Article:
Every craps player has his or her own philosophy of play. Some wild action players look to make as much money from each bet as possible. They will bet proposition bets such as the Any Seven, individual numbers such as 2, 3, 11 and 12, the Horn and the like.

My mentor the late Captain of craps, the man I wrote about in my latest book I Am a Dice Controller, called all proposition bets “crazy crapper bets” and with good reason; the chances of keeping the game a close contest between the player and the casino was a longshot indeed.

Still wild action craps players evidently enjoy their style of play or they wouldn’t do it.

The middle-road for craps players would be those who make good bets mixed in with a somewhat smaller reliance on those longshot proposition bets. They will bet the Pass Line or Don’t Pass, take or give the odds but then add the whirl, the C&E, the Hardways, among many others. They too want to experience the joy or sorrow of taking a bigger chance with their cash in order to make more money should luck favor them.

A word about luck is needed here: Luck is what the players are hoping for but in truth, the casinos do not rely on luck to win. They have structured their craps games to favor themselves by making payoffs on bets not reflect the true odds (placing numbers and propositions) or by creating bets that the casino wins a greater percentage of the time (Pass and Don’t Pass bets).

Given some long-time play by any individual craps player, the casino stands to grind that individual down. And “long-time” in craps is not all that long when you are making wild or semi-wild playing decisions. Bets with high house edges reduce the actual “time” in longtime.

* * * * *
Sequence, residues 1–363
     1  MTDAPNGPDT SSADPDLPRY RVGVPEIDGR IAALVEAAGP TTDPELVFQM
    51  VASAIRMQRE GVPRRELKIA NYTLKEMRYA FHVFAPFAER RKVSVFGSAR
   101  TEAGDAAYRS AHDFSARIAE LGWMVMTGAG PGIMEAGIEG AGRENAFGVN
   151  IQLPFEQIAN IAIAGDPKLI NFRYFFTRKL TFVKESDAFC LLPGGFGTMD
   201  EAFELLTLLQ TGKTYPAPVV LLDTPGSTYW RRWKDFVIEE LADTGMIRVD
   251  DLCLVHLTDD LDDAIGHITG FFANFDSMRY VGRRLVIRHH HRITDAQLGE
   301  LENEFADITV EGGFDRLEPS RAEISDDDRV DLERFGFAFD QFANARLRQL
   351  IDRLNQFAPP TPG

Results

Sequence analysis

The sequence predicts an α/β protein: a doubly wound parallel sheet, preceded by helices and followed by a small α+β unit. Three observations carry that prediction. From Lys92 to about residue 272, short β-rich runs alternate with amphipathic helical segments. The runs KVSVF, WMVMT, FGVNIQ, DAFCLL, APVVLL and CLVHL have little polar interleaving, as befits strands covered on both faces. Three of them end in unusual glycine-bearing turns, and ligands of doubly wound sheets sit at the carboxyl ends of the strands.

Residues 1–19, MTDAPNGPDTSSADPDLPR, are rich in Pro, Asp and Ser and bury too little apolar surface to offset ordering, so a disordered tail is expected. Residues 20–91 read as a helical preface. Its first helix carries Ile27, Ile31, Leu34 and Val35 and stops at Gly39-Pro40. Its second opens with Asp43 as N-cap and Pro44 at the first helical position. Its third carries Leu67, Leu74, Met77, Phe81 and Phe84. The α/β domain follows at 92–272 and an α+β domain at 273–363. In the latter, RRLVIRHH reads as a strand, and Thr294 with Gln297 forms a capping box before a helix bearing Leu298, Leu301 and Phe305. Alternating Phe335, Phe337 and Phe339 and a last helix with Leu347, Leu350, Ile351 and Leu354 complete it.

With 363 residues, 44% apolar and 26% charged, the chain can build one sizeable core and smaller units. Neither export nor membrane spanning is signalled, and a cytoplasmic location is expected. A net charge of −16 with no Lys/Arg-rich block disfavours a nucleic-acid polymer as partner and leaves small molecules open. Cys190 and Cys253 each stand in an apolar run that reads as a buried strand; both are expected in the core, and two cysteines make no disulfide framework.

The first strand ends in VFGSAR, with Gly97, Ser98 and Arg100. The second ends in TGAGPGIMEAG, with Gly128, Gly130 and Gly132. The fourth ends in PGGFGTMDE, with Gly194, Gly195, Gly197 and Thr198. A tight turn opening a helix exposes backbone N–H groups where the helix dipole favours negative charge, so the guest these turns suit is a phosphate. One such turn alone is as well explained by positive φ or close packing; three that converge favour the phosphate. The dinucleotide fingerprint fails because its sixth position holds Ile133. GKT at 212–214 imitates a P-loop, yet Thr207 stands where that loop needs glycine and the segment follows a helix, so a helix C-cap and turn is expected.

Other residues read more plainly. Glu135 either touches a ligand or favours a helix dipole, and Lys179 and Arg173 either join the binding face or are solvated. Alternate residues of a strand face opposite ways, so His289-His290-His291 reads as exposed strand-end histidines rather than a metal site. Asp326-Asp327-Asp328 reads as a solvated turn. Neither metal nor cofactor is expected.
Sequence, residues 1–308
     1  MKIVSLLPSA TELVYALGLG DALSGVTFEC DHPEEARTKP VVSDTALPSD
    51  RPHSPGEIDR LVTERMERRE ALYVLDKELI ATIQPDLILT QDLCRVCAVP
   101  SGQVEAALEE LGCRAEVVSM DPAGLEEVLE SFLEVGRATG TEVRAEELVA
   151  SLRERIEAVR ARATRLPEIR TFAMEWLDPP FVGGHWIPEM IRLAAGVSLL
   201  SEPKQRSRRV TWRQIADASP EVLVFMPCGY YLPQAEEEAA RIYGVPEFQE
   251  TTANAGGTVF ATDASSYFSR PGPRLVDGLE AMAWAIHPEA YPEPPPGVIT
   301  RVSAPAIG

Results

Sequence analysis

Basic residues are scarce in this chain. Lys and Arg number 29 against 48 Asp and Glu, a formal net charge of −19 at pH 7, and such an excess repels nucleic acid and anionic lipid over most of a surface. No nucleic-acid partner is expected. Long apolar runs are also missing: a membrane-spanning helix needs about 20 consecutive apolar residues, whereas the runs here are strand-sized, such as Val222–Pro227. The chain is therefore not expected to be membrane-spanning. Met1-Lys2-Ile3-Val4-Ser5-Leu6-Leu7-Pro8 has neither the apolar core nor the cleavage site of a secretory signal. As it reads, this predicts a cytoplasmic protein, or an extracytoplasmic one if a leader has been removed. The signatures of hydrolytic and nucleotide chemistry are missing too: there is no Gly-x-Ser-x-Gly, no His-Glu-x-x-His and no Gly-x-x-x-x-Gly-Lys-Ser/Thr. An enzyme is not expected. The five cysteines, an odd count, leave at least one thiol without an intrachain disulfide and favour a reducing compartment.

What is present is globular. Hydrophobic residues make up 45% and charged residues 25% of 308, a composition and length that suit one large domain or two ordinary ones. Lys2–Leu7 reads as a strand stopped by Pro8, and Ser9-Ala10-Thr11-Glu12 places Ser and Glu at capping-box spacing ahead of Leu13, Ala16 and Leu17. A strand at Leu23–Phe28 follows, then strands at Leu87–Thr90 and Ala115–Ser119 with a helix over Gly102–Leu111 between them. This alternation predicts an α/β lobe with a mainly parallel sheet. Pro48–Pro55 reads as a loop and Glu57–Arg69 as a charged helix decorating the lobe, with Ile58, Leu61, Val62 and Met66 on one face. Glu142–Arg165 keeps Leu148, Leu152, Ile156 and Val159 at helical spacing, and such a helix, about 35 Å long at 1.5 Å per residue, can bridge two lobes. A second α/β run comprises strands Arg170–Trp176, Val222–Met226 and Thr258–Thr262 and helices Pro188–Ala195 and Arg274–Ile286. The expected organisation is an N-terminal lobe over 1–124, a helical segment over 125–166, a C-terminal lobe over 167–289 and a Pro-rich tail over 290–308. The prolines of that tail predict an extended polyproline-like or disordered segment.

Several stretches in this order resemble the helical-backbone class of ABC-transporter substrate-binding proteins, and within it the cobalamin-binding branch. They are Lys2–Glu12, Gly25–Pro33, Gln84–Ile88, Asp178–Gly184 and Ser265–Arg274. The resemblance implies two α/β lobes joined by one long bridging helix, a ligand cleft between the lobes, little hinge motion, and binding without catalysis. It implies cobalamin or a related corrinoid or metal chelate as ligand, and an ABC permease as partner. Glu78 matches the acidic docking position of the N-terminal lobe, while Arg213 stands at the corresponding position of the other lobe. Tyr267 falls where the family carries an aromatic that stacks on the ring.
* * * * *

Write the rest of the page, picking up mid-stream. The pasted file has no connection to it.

The best bets, based on the true criteria for giving one a decent shot at holding one’s own against the house, are the Pass Line and Come bets with odds for rightside players and the Don’t Pass and Don’t Come bets with odds.

Now, I do know that many craps players don’t think the good bets are thrilling enough. I can understand that as most casino gamblers are thrill seekers, but making a Pass Line or Come bet that has a house edge of 1.41 percent (translates into a loss of $1.41 per $100 wagered) gives you a better shot at a win than making an Any-Seven bet that comes in with a crippling house edge of 16.67 percent – an expected loss of $16.67 for every $100 wagered.

Given the math of craps, the best bets are the lowest house edge bets. I do not see any reason for debate about that fact – and it is a fact. The math dictates the game and that dictate becomes more and more obvious the more and more a player plays.

So here are two players explaining their strategies; guess which one I agree with?

JAMES: I play it safe in my life with my job, with my retirement finances but when I make my monthly trips to the casino I just want to let it all hang out. Craps is my game and I really get caught up in it. Before I go to the casino I think to myself, “Play it safe,” but when I start playing I get all caught up in the game and off to the races I go!

PETER: It took me many years before I woke up and started only making the best bets. I can’t believe I just threw my money out there with very little chance of winning. Now, I make just Pass Line and Come bets and place the odds. I have had many more winning nights. I don’t have too many spectacular wins as I did in the past but those spectacular wins ultimately came with a big cost on those “bad” bets.

Just like James and Peter, if you are a craps player, you do have to make the decision about how to bet. I agree that it is your money and you can bet it anyway you please. Still, Peter has the right attitude in my opinion. We all work hard to make money and we should not just throw it away on bets that really put us behind the eight ball.

Smart craps play is making the best bets. The math clearly dictates that.

Author Bio: Visit Frank’s web site at www.frankscoblete.com . Frank’s latest books are I Am a Dice Controller: Inside the World of Advantage-Play Craps, Confessions of a Wayward Catholic and I Am a Card Counter: Inside the World of Advantage-Play Blackjack. Available from Amazon.com, Kindle, Barnes and Noble, and at bookstores.


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